On May 17, 2018, at 12:54 PM, Simon Slavin <slav...@bigfraud.org> wrote:
> On 17 May 2018, at 7:13pm, Dominique Devienne <ddevie...@gmail.com> wrote:
>> I think I'm not alone in wishing there was a way to disable all legacy
>> backward compatibility "warts".
> However, doing it properly might be how SQLite 4 would start -- by resetting 
> all "historical compatibility" problems.  Not only for understanding SQL, but 
> _v2() calls, supporting old versions of the database format, and such stuff.  
> It can also be stricter about rejecting bad SQL syntax or corrupted database 
> files.  And it doesn't have to compile on ancient versions of compilers.

That sort reasoning gave us Python 3, which forked the Python community for 
about a decade.

I’m not sure how well that applies to SQLite, since the ecosystem around SQLite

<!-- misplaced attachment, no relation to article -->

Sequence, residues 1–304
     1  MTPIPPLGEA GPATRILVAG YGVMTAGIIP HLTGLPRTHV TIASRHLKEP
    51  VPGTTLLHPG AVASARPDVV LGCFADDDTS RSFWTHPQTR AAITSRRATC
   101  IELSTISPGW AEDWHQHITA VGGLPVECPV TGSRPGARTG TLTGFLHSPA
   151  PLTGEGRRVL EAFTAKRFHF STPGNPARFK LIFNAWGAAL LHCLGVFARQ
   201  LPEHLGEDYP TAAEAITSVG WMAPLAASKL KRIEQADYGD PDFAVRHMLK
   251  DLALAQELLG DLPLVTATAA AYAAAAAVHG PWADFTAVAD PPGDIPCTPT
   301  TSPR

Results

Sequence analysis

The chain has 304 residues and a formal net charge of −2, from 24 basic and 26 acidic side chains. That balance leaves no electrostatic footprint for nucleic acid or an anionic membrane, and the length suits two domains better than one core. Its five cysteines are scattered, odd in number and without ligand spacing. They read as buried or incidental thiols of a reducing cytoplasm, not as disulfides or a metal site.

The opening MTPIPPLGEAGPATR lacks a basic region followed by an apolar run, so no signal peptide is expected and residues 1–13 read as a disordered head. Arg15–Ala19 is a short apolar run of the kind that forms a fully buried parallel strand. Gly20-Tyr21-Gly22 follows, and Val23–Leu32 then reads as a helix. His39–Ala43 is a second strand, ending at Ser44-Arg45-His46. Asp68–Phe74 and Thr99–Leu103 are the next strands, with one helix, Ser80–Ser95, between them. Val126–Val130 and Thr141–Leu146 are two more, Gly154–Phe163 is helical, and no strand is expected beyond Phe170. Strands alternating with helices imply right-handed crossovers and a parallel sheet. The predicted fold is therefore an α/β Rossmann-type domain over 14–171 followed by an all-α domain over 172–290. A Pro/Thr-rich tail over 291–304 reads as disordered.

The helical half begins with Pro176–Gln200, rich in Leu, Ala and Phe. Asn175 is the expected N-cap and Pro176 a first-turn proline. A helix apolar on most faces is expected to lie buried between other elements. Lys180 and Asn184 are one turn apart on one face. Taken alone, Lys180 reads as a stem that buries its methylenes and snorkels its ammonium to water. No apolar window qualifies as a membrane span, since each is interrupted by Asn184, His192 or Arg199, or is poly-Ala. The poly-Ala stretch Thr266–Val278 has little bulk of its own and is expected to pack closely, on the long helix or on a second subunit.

isn’t as complex as with Python.  The fan-out is much shallower with SQLite 
than with Python, where Python program A depends on module B, C, and D, and 
module C depends on E, F, G, and H…   In the SQLite world, it’s pretty much a 
fan-out level of 2 or 3 everywhere: program A uses SQLite3, possibly through 
intervening library B, end of story.

I suppose the most relevant way SQLite’s ecosystem is like that of Python’s 
ecosystem is around DB compatibility.  Any given program that consumes SQLite 
DBs now can open any DB created with an older version and often those created 
by newer versions of SQLite as well.  That goes away if SQLite4 is allowed to 
be incompatible.

Still, there are some things it would be nice to get rid of, as you say.  
Besides your list, some of the SQLite limits are now looking a little tight, 
like the 2 GiB BLOB size limit:


It might be nice to “pull a ZFS” on SQLite and redo it all to use 2^128 
everywhere so the limits never matter again.
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